Henderson, Horace (W.)
Henderson, Horace (W.)
Henderson, Horace (W.), jazz arranger, pianist, leader; b. Cuthbert, Ga., Nov. 22, 1904; d. Denver, Aug. 29, 1988; brother of Fletcher Henderson. He began piano studies at 14, spent a year at Atlanta Univ., then studied at Wilberforce Coll. for three years (A.B. degree). He formed his own student band, The Collegians, and began to work at composing at least as early as did his brother. During summer vacation of 1924 the band worked at the Bamville Club in N.Y. During the following year they played a residency at Lawrence, Mass., then began regular touring (using the Wilberforce campus as a base until summer of 1926), with Rex Stewart and Benny Carter in the lineup. The group changed its name to The Dixie Stompers in 1928. In late 1928, Henderson temporarily disbanded and worked with Sammy Stewart, but regrouped for touring in 1929, and then played further residencies in N.Y. (1929–31). In 1931 he relinquished leadership to Don Redman, although he continued to work with Redman until early 1933. He played in Fletcher Henderson’s Band from early 1933 until July 1937, except for a brief period in spring 1935; he also provided many arrangements for the group. In July 1937, he relocated to Chicago, where he led a band at various clubs through the early 1940s. From November 1942-August 1943, he served in the U.S. Army and then rejoined Fletcher in Chicago until May 1944. Horace then moved to N.Y. to become the accompanist for vocalist Lena Home, but by summer 1945 had reformed his big band in L.A., working there through mid-1949. He spent the 1950s touring with his own bands, working in Chicago, Minneapolis, Las Vegas, Calif., and elsewhere. He worked with The Billy Williams Revue in the early 1960s, and also toured with own big band. From the late 1960s through the 1980s, he worked mainly in Denver, leading a hotel combo.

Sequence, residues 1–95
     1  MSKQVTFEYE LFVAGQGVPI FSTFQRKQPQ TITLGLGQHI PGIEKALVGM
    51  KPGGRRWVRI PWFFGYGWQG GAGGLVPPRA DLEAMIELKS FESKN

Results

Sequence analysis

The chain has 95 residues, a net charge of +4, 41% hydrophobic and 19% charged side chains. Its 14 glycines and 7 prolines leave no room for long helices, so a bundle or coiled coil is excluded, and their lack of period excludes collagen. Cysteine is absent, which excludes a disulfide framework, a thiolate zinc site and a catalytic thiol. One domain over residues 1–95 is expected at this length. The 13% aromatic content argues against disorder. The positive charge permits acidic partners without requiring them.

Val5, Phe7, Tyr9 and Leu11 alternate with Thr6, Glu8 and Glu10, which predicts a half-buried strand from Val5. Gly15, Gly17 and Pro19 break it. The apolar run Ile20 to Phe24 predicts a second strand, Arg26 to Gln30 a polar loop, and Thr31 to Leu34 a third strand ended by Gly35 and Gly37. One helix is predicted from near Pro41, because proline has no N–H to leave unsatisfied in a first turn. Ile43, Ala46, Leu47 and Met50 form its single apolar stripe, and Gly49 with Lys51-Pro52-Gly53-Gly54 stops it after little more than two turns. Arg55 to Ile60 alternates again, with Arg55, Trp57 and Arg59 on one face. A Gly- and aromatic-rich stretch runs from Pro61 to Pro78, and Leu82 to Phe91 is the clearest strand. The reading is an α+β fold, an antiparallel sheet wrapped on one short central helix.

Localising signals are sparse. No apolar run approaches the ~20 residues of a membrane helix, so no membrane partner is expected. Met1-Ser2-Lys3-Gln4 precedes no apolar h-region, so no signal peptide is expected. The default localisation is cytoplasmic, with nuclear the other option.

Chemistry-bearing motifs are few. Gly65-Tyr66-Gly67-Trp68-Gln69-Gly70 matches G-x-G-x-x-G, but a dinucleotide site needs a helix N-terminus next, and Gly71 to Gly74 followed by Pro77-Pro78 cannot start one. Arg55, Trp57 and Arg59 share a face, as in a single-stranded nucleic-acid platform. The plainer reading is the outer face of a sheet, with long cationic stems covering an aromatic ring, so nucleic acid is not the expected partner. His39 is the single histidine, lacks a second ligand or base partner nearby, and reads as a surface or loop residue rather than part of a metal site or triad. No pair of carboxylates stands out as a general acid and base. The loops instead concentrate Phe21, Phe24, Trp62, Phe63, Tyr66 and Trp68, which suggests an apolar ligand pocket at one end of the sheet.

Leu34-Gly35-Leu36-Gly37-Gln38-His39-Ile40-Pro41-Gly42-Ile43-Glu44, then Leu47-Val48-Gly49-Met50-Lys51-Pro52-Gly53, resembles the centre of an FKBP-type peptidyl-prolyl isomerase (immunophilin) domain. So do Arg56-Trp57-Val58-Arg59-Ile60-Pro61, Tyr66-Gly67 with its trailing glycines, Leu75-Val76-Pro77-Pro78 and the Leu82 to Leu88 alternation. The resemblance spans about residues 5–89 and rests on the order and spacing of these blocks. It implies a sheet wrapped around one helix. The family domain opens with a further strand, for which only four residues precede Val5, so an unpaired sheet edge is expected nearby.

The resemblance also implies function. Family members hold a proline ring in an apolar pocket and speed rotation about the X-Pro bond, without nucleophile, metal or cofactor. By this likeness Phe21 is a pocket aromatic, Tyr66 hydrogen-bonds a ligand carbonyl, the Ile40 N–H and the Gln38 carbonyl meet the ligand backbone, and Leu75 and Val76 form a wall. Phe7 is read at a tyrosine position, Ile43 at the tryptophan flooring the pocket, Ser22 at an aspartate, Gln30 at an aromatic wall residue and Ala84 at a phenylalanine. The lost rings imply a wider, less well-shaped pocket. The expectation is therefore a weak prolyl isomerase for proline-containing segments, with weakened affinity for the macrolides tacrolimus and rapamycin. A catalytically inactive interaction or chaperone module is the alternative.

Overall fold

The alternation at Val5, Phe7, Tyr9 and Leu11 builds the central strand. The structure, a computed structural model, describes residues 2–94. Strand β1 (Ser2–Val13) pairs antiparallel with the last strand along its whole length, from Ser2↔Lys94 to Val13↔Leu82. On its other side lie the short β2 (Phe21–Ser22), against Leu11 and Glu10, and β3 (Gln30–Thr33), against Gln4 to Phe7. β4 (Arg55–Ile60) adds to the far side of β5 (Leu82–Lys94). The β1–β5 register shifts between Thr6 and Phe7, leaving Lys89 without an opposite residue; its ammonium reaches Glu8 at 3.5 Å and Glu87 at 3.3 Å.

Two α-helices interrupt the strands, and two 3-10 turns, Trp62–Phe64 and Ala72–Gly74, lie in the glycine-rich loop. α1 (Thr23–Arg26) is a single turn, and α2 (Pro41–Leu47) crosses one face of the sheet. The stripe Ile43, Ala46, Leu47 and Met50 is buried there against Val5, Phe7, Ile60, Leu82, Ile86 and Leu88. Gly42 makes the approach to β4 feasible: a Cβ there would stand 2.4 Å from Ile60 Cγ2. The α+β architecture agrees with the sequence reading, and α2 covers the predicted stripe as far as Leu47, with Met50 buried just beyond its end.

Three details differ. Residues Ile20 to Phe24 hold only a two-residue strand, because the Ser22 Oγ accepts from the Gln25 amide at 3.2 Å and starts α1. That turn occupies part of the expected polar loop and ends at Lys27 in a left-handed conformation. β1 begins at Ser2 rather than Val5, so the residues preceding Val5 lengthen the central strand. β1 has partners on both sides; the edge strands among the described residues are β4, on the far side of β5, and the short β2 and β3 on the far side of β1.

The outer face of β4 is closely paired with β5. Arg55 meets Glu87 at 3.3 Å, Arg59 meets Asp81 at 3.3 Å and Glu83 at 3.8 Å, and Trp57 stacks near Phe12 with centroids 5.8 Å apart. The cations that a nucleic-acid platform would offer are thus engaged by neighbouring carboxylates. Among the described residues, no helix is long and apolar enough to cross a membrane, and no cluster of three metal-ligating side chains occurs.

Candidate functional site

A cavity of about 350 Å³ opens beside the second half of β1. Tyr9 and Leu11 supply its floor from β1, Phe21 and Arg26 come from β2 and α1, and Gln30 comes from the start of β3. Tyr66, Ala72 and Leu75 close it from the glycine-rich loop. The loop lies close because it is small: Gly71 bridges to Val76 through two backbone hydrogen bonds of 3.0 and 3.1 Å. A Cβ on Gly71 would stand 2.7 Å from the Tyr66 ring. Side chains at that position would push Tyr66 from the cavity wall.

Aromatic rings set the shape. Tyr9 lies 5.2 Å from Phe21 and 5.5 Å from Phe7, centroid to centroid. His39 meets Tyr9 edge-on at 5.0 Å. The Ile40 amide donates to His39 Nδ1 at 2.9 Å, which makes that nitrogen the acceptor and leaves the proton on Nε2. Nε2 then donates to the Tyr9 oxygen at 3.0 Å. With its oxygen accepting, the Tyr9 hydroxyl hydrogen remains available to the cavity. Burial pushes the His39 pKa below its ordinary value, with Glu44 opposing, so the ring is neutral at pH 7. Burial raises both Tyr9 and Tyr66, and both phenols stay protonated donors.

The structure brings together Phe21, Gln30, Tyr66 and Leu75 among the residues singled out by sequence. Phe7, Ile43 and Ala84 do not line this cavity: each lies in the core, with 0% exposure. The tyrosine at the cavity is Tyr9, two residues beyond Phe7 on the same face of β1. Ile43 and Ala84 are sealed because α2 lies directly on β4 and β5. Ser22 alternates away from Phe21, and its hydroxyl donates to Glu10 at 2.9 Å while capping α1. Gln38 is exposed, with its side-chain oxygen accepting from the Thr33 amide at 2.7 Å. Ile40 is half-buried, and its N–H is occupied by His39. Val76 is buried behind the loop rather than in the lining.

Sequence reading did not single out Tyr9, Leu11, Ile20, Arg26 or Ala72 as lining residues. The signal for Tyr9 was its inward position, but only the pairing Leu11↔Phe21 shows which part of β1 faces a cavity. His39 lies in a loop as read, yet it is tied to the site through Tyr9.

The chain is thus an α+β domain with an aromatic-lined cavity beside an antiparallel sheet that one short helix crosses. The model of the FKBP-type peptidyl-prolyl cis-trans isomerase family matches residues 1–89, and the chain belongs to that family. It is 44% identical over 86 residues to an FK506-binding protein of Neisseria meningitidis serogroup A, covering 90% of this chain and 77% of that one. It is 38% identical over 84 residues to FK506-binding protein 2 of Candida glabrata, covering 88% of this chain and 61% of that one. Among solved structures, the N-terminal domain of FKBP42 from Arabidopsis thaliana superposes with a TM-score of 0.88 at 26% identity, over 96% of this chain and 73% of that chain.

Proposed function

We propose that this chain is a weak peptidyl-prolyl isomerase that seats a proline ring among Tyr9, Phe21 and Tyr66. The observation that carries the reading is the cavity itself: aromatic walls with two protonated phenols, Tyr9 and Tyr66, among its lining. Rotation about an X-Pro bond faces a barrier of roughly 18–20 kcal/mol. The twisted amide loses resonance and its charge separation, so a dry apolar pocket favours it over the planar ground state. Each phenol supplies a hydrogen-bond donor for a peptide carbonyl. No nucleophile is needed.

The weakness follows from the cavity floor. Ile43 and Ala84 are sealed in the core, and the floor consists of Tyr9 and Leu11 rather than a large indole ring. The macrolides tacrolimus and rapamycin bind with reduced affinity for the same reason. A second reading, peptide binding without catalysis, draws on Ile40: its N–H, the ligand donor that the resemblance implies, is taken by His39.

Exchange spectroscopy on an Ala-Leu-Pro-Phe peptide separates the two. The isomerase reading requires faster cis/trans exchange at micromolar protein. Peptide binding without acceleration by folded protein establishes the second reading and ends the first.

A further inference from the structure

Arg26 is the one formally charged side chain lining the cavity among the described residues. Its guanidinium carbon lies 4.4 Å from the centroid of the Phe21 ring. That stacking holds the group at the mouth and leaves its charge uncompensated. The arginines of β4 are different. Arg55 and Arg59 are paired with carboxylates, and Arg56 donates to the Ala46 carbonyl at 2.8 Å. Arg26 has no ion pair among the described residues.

Henderson was a fine writer and pianist. More than 30 of his arrangements were incorporated into his brother’s band, among them “Hot and Anxious” and “Comin’ and Goin,” and the popular “Christopher Columbus.” He also led a small splinter group in the early 1930s for recordings. “Hot and Anxious” briefly included the traditional riff that would eventually be recorded by the Glenn Miller Orch. on “In the Mood.”
—John Chilton Who’s who of Jazz/Lewis Porter